Ben Robertson experienced the impact of the economic downturn at his civil engineering firm in Upper Marlboro. He says they laid off about 65 percent of his staff during the last recession and is hoping to stabilize and rebuild.
He now remains optimistic following Wednesday's briefing on the Westphalia project - a development near his workplace that aims to build 15,000 dwelling units plus retail and commercial space.
It will mean new jobs, and a chance for Robertson to expand his business.
"It's the largest opportunity that has come to this area in a long time," Robertson says.
It's a project that many people have waited for since its approval in 2007.
Residents saw some progress but plans stalled for several years when the original developer defaulted on a loan. Then came the recession.
"The market was very down and we had a number of builders who were actually not able to move forward," says Nell Johnson, chief of staff for council member Derrick Leon Davis, District 6.
Five years later, the stakeholders are back and ready to put the plans in action.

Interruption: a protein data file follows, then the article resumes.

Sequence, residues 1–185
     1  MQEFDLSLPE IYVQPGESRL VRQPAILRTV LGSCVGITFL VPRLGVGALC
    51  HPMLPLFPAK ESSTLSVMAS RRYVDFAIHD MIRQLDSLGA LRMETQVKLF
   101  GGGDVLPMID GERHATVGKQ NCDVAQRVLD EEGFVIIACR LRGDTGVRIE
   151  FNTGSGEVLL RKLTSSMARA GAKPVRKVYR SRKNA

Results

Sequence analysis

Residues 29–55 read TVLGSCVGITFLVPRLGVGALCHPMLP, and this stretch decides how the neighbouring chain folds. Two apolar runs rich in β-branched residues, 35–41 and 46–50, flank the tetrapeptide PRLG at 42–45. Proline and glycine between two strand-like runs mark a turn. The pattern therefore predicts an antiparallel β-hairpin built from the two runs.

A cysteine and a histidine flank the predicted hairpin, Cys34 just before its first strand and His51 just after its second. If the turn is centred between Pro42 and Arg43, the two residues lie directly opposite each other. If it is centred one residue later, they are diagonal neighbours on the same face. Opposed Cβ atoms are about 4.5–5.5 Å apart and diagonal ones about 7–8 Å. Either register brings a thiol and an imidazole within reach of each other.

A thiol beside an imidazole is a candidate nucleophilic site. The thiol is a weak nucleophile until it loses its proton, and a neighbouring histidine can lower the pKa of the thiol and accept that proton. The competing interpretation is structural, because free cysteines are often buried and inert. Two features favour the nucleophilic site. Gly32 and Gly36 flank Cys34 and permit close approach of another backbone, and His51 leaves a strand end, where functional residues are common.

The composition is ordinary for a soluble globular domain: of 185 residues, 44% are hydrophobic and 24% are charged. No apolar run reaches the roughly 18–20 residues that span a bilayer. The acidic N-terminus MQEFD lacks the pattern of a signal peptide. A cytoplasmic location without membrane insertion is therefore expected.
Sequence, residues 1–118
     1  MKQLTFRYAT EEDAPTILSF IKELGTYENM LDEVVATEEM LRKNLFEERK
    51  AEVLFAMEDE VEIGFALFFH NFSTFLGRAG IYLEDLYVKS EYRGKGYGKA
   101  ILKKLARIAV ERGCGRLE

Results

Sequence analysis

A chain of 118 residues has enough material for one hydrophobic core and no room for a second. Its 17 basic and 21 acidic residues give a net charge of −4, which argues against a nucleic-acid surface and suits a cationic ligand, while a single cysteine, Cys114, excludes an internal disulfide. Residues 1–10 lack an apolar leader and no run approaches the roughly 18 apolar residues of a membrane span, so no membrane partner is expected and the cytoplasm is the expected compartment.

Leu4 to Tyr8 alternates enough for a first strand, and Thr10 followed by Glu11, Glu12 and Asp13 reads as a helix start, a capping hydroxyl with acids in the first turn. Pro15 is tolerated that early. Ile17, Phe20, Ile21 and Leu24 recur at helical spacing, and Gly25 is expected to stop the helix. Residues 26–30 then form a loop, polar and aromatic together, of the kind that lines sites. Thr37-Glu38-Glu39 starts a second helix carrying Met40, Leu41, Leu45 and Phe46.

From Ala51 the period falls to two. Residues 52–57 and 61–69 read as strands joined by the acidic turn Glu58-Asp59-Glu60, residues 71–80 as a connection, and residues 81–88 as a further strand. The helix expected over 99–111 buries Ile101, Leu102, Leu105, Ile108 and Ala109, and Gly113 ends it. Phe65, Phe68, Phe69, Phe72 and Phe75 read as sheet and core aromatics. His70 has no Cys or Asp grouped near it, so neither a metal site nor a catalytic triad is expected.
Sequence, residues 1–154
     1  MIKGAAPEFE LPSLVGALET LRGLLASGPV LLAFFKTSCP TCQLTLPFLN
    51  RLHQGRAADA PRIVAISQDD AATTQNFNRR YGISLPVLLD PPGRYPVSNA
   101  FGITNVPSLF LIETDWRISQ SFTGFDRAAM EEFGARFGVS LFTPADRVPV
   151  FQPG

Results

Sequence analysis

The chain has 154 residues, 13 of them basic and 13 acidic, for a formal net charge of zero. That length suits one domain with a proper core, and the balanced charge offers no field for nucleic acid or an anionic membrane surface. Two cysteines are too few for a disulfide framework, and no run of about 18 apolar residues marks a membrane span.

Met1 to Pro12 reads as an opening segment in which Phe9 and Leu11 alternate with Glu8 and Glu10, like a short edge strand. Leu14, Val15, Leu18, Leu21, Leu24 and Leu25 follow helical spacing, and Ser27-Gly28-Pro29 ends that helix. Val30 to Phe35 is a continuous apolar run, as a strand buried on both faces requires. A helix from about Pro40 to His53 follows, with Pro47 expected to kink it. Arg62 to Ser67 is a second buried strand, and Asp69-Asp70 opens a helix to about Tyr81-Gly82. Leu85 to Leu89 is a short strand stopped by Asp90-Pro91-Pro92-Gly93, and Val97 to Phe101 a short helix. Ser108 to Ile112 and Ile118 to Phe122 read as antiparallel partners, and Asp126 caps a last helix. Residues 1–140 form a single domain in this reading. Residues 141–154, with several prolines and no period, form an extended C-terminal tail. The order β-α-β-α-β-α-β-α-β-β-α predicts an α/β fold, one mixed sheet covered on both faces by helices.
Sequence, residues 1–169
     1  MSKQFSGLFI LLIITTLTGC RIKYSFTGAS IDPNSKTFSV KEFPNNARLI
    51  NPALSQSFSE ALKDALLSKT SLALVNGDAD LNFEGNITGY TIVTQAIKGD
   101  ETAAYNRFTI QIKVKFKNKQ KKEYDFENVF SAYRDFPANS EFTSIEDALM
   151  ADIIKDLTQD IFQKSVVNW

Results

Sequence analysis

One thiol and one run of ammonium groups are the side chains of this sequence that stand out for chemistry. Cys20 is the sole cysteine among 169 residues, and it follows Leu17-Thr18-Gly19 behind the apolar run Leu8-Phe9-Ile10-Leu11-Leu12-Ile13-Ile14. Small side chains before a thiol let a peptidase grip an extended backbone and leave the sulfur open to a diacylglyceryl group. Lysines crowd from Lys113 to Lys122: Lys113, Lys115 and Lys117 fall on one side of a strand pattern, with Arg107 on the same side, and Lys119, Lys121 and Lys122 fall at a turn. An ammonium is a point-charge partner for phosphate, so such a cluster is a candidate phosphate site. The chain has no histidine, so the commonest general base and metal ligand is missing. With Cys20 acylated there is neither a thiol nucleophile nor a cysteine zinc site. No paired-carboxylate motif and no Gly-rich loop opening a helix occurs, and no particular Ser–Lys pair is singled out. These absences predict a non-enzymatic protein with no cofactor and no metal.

"We had been watching this property, and when it became available we thought it was a wonderful opportunity to acquire a great piece of land, and execute a vision that's been in the making for many years," says John Vick, regional vice president of Walton Development & Management.
Three developers are on-board so far. And on Wednesday, small business owners learned how they could compete for future contracts, including Christina Issar, president of a local real estate consulting firm.
"Things kind of take place in 10 year cycles so I do believe we are on the upward start of something big," says Issar of Cb3 Consulting Services. "So I do expect this project and other projects in the county to add value to the county and also to the residents."
Some of the developers already committed to the project say that work can begin as soon as this year. The entire project is expected take between 20 to 30 years to complete.